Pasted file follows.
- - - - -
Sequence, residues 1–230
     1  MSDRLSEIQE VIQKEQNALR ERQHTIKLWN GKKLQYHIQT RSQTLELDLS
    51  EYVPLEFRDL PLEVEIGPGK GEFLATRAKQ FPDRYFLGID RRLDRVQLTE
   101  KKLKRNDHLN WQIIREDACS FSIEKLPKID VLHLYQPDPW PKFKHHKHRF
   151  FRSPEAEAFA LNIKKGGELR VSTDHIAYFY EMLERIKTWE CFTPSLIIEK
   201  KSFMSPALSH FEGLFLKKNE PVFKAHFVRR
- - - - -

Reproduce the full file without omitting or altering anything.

Sequence, residues 1–230
     1  MSDRLSEIQE VIQKEQNALR ERQHTIKLWN GKKLQYHIQT RSQTLELDLS
    51  EYVPLEFRDL PLEVEIGPGK GEFLATRAKQ FPDRYFLGID RRLDRVQLTE
   101  KKLKRNDHLN WQIIREDACS FSIEKLPKID VLHLYQPDPW PKFKHHKHRF
   151  FRSPEAEAFA LNIKKGGELR VSTDHIAYFY EMLERIKTWE CFTPSLIIEK
   201  KSFMSPALSH FEGLFLKKNE PVFKAHFVRR